Storm-Speed City – 暴風速城市 Future Firm (Ann Lui, Craig Reschke) Throughout the 20th century, in addition to observation and collection, the Hong Kong Observatory was responsible for communicating information about impending storms—namely tropical cyclones, or typhoons—to the port city’s residents and shipping community. Initially, the signal systems were beacons hoisted at high points around Hong Kong. Over time, the Observatory produced a series of distinct signaling methods: local residents, for example, would await a second gunshot sound in anticipation of an approaching typhoon, while shippers looked out for red symbols turning to black to gauge their next steps. These signaling systems represented a responsive way of living with dynamic weather, in contrast to today’s engagement with unpredictable conditions characterized by risk management and control.
How can the Bay Area Region’s historic adaptability to diverse climates, emerging from its distinct geographic conditions, become a model for a transformative new form of urbanism and urban life? Storm-Speed City is a vision for a future city which moves at the speed of radar, from the scale of the picnic to the stock exchange. Storm-Speed City proposes a Hong Kong-Shenzen region where weather sensing and signaling become dramatically more distributed: from singular stations to a network of devices. Instead of observing time marked by a bell in the clock tower or the nine-to-five schedule, Storm-Speed City’s activities fluctuate around the temporality of shifting local weather and micro-climates.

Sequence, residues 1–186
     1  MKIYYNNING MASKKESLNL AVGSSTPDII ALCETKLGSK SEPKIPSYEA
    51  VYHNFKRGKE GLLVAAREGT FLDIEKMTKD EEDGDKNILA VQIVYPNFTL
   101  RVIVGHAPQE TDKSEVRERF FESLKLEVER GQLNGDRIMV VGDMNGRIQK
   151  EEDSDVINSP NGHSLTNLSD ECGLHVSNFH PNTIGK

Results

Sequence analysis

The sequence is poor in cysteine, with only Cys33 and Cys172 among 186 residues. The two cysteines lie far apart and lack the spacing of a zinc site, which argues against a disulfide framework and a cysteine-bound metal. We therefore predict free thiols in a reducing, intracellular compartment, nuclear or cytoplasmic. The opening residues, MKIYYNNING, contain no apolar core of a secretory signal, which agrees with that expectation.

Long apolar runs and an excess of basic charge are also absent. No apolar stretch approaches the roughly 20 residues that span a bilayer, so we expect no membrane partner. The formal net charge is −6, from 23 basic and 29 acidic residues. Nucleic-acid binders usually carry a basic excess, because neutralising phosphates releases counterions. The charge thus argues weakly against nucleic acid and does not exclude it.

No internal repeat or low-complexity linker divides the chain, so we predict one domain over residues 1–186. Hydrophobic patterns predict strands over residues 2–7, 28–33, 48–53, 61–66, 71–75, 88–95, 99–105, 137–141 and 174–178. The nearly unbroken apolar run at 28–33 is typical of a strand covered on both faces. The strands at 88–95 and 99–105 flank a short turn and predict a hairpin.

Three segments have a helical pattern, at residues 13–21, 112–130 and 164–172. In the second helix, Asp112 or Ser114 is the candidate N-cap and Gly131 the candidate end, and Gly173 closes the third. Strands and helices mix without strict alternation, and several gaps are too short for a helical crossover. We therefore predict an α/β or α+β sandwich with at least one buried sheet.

This speculation is exhibited through a large-scale model and three short films. The topographic model, spanning from harbor-depth to stratosphere, illustrates the changing metabolism of urban activities as weather conditions pass through. The films explore three time-scales: the history of typhoon-signaling (100 years); vignettes from daily life (1 hour); and new temporal and sensorial experiences (1 second). Examples from these films include: a walk to the office which is diverted when a group notice umbrella lights glowing green on the side street indicating a warmer micro-climate; a drone delivery route actively calculates to avoid impending clouds; and a small shop closes early to hedge against rising A/C costs on a hot afternoon.
Today, local observatories in the Bay Area Region have assembled diverse forms of meteorological data for public use. Contextualized by the increasing turbulence of climate change, Storm-Speed City explores a future city where new ways of living with unpredictable weather has transformed both the built environment and lived experience in the Bay Area Region. Climate change stresses the importance of exploring new forms of urban life: Storm-Speed City explores a way of life in tempo with the weather’s impending volatility.
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